By DONALD WITTKOWSKI
Ocean City Police Chief Jay Prettyman is in the final stages of his training to earn his private pilot’s license.
On Sunday, he was out flying again. Yet this time, he jumped out of the plane – at an altitude of 10,000 feet.
Prettyman joined with the professional skydiving team Fastrax during a sensational opening sequence for the Ocean City Air Show that left thousands of spectators on the beach and Boardwalk awestruck.
“It was great,” Prettyman exclaimed after completing his very first skydiving jump while hitched together with Fastrax team member Matt Harvey.
Other members of the Fastrax team who jumped just ahead of Prettyman and Harvey wowed the crowd with a patriotic-themed display that included floating down to the beach while carrying giant American flags flapping majestically in the wind.
“Jumping here in Ocean City is amazing,” said Larry Compton, who landed on the beach attached to a sprawling, 5,000-square-foot flag. “It’s just the spectacle of it all. You’ve got the ocean, the beach, the Boardwalk and the crowds. There’s nothing else like it.”
As is their tradition with each jump, the Fastrax skydivers honor fallen members of the U.S. military on the anniversary of their death by carrying a picture of them tucked inside their outfits next to their hearts. On Sunday, they paid tribute to Army Sgt. William D. Brown III, of Franklin, N.C., who died on Sept. 19, 2013, while serving in Afghanistan.
The patriotic skydiving display was also highlighted by streams of red, white and blue smoke and pyrotechnics. The skydivers landed with precision on the 11th Street beach amid cheers and applause from spectators.
Prettyman, jumping in tandem with Harvey, was seen spinning around like a top as his billowing parachute descended toward earth.
“He asked me if I wanted to do the spin. I said, ‘Yeah, let’s do it.’ It was crazy,” Prettyman said, laughing, while recalling his conversation with Harvey.
Shortly after he landed, Prettyman was greeted by his wife, Tiffany, who gave him a big hug.
Prettyman said he would be willing to jump in tandem again, but made it clear that he doesn’t plan to take up skydiving on a regular basis.
“I’ve got too many other hobbies going on right now,” he said, noting that he is completing the training for his private pilot’s license.
The professional aerobatic pilots who performed during the two-hour air show treated onlookers to an assortment of death-defying rolls, loops and spins just hundreds of feet above the ocean.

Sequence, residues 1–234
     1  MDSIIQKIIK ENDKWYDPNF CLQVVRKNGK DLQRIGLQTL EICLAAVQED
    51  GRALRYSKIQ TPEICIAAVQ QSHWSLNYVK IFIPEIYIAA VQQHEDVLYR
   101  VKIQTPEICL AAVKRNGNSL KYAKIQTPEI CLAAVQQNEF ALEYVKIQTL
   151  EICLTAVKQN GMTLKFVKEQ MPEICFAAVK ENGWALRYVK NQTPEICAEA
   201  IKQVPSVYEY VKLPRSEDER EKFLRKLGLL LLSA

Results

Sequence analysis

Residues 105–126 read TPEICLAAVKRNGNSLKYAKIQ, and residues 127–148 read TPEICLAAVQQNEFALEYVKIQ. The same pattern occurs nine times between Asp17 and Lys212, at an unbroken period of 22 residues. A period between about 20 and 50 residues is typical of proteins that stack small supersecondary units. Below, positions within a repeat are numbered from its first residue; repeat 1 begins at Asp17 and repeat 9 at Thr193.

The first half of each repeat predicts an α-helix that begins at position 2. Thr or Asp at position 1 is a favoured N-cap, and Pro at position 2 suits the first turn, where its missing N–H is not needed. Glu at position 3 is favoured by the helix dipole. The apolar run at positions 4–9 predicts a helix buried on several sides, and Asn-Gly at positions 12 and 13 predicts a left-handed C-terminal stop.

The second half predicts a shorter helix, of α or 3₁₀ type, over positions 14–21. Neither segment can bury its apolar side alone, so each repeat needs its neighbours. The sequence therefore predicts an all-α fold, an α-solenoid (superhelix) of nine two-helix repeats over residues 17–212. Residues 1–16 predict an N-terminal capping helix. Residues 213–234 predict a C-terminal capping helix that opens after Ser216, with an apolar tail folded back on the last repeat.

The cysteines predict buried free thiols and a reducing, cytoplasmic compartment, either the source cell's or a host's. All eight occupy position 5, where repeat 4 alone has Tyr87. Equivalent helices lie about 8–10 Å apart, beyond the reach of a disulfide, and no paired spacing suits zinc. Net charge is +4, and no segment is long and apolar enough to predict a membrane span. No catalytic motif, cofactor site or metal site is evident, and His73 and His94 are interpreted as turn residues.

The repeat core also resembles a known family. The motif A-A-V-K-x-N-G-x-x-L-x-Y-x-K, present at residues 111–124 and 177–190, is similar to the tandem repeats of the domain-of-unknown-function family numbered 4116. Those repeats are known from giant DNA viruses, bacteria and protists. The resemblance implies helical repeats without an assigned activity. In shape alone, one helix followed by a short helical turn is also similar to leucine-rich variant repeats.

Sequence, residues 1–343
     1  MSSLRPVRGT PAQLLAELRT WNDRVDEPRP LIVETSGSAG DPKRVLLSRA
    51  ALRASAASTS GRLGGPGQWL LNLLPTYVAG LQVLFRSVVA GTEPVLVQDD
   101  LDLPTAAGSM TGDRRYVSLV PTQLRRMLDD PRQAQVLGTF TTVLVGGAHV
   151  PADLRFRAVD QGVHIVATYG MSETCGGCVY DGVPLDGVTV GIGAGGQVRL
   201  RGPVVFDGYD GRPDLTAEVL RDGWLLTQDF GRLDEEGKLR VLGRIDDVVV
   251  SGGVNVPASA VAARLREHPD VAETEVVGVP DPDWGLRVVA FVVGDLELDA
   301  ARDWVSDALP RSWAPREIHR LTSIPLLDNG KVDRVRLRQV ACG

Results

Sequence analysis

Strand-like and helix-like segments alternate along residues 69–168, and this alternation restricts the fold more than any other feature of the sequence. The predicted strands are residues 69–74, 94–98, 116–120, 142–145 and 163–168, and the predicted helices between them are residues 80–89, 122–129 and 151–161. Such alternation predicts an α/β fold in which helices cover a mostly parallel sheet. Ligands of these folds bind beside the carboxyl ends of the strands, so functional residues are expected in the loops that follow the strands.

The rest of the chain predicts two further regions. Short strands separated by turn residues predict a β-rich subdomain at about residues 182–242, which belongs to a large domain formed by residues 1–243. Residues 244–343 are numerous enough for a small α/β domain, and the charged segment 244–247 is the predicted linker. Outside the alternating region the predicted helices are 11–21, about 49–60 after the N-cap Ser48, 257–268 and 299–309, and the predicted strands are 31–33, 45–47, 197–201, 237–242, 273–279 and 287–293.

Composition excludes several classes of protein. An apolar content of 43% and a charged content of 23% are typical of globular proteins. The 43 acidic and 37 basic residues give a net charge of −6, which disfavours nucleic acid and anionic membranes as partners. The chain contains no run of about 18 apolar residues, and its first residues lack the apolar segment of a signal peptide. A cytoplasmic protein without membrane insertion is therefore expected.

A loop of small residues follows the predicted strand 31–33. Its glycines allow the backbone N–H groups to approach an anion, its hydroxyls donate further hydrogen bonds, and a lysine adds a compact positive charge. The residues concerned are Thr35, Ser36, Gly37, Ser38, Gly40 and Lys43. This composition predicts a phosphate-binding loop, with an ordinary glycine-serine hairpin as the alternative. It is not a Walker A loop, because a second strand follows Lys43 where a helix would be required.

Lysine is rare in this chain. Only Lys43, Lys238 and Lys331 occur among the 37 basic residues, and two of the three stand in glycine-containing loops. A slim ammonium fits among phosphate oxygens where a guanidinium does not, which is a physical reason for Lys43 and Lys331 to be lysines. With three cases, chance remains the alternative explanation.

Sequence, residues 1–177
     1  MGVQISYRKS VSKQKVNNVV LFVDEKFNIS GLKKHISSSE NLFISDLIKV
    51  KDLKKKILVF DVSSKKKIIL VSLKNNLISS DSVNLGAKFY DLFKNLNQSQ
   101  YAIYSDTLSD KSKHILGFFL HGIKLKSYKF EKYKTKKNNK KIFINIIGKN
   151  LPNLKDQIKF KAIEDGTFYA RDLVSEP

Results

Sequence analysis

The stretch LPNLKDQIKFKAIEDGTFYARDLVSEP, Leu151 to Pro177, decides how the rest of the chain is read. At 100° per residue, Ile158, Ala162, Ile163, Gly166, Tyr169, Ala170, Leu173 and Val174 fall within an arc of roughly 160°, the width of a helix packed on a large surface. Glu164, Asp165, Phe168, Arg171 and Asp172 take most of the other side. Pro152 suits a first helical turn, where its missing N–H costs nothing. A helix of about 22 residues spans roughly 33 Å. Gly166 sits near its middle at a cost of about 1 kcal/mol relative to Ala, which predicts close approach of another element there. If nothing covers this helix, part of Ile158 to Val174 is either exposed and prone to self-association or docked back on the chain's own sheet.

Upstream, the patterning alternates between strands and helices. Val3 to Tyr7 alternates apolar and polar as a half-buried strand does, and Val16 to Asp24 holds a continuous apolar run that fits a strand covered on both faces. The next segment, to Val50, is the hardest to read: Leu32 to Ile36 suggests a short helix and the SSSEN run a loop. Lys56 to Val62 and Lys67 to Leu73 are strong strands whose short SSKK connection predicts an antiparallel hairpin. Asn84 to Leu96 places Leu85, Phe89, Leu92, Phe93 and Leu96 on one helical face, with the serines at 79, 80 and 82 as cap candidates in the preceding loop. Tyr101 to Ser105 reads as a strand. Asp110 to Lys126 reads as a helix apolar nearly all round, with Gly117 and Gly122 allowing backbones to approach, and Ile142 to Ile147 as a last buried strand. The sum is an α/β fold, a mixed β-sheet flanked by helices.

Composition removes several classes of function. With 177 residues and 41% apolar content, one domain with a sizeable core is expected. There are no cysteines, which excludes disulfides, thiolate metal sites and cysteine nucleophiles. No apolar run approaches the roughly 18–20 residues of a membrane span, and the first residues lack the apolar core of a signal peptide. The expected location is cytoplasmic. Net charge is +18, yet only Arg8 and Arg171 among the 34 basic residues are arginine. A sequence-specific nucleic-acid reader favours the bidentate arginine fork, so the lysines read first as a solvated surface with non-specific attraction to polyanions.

The aerobatics ranged from solo pilots to four-plane formation flying. Two U.S. Coast Guard helicopters simulated a rescue operation. A World War II-era Vampire fighter jet swooped in at high speeds just above the ocean, seemingly skimming the waves at times before soaring back into the sky.
The breathtaking aerial choreography thrilled tens of thousands of spectators who lined the beaches and Boardwalk for the air show, one of Ocean City’s most popular annual events.
The air show was revived this year after being canceled in 2020 while the COVID-19 pandemic raged. It is one of the centerpieces of Ocean City’s lineup of family-friendly fall events to continue attracting tourists to town after the peak summer beach season is over.
“It’s another Ocean City tradition,” Mayor Jay Gillian said of the air show. “It was a great job by all, especially our police chief for jumping.”
Spectacularly blue skies provided perfect flying conditions for the show. While the performers were soaring overhead, the spectators were soaking up the action from viewing spots on the beaches and Boardwalk between Sixth and 14th streets.
“It is beautiful. We love it. I really loved the guys who parachuted down with the flags and colored smoke,” said Vineland resident Kathy Gagliardi, who watched the air show with family members from the 11th Street beach.
During some of the performances, the pilots spoke by radio with air show announcer Howdy McCann, of David Schultz Airshows, the event producer.
“I try to convey what’s going on in the cockpit and explain to people what’s going on with the airplane,” said McCann, who has been announcing air shows for 40 years.
One pilot, Kevin Russo, who was flying a vintage SNJ-6 aircraft, carried on a conversation with McCann from the cockpit that could be heard by spectators over the loudspeakers.
Russo paid tribute to members of the military, police and other first responders during his remarks to McCann.
At one point, Russo told McCann and the spectators that he hoped everyone was enjoying his performance.
“Way to go, Kevin,” McCann said while assuring Russo that the crowd was thrilled.
“It was unbelievable,” Russo responded about being able to perform at the air show.